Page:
In order to prepare for human exploration and colonization of the Moon and beyond, the safety of the crews must be ensured. There are a number of hazards posed by long term stays on the moon. One major problem, as outlined in NASA Strategic Plan 2006, is a moonquake, which are not only caused from internal events but also external bolide impacts. Further, colonization depends on the long-term stability of construction on both lunar outcroup and regolith, both of which will be in part determined by seismic imaging. Lunar seismometer networks are therefore a critical component toward developing colonies on the Moon. They will play a key role in characterizing the threats faced from these moonquakes, which will help provide a safer location for a long-term outpost, as well as in determining the design of lunar housing in a range of colony scenarios. Many seismometers used in terrestrial applications are expensive, large, heavy, and cannot handle the harsh environment conditions of radiation and daily extreme temperature fluctuations on the moon. Some small, lightweight, commercial seismometers have recently been developed to improve on these problems, but most do not meet lunar sensitivity requirements nor have they been designed to function in an extraterrestrial environment. Arizona State University (PIs Yu, Fouch, Garnero, and Robinson) has partnered with industry collaborator MET Tech to develop a range of seismometers for several different applications. Sensors produced by MET Tech incorporate the use of a molecular electronic transducer (MET). In this proposal, we will utilize state-of-the-art MEMS fabrication techniques to modify their existing seismometer design to produce a batch-fabricated low mass, low-power, seismometer, which meets the requirements of lunar exploration. The seismometers will be tested in harsh environments such as wide range thermal cycles, heavy radiation to verify the function in lunar environments. FORM NRESS-300 Version 2.0 Apr-06-05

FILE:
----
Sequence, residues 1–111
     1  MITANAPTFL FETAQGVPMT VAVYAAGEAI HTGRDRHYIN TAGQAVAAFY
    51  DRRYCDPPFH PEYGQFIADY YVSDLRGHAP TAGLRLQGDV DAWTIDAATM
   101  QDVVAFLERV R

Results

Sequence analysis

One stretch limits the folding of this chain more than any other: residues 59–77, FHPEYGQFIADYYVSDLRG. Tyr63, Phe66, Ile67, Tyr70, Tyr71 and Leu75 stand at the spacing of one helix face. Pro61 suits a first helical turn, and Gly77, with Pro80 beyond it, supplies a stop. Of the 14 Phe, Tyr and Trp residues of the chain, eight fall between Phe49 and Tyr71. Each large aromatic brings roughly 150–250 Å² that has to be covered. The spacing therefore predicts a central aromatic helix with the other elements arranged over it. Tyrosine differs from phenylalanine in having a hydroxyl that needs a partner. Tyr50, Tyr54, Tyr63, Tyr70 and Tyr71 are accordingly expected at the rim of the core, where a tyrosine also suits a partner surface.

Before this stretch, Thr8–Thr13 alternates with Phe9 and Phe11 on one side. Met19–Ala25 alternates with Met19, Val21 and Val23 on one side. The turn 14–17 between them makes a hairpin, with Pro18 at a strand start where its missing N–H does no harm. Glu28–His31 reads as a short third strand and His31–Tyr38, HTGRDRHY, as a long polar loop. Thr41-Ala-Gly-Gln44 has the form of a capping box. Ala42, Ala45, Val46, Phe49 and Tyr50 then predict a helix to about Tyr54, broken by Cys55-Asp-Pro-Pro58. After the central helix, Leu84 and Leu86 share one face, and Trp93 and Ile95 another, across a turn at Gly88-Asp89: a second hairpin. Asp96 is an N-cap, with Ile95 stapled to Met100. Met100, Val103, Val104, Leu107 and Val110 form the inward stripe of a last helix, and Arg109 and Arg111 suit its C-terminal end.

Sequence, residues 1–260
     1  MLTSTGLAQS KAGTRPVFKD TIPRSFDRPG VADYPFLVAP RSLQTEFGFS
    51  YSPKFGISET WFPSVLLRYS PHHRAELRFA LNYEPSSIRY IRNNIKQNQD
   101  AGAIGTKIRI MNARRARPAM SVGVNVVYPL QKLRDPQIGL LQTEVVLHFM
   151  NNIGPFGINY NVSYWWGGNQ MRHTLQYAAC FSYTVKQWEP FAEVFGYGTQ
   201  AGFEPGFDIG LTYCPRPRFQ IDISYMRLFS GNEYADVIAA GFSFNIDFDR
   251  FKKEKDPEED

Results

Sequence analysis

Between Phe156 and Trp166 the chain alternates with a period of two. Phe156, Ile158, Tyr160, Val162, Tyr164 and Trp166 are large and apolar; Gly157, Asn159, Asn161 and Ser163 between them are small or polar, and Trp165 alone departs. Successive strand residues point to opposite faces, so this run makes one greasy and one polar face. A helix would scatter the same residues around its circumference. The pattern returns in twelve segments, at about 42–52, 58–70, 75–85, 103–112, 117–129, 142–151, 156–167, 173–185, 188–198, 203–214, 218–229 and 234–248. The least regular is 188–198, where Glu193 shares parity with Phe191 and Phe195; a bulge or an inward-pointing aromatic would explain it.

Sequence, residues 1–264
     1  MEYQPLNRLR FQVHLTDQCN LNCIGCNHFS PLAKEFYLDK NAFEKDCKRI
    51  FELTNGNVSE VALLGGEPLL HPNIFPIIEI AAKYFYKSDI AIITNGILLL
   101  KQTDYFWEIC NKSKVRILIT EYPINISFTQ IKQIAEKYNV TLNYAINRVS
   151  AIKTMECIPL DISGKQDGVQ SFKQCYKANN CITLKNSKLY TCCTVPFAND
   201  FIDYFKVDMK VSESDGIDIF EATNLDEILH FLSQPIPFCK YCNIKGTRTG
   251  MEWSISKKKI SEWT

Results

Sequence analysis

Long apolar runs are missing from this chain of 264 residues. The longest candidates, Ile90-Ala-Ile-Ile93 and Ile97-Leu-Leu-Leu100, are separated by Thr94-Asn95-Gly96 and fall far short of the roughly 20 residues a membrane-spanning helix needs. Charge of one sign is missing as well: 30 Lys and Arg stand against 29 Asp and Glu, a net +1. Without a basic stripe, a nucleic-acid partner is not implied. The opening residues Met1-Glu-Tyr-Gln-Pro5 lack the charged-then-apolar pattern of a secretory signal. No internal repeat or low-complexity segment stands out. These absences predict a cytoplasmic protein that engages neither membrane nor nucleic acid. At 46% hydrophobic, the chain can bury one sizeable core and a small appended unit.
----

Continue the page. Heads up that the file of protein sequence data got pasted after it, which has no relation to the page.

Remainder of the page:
|Effective start/end date||1/1/10 → 3/30/11|
- NASA: Johnson Space Center: $69,872.00
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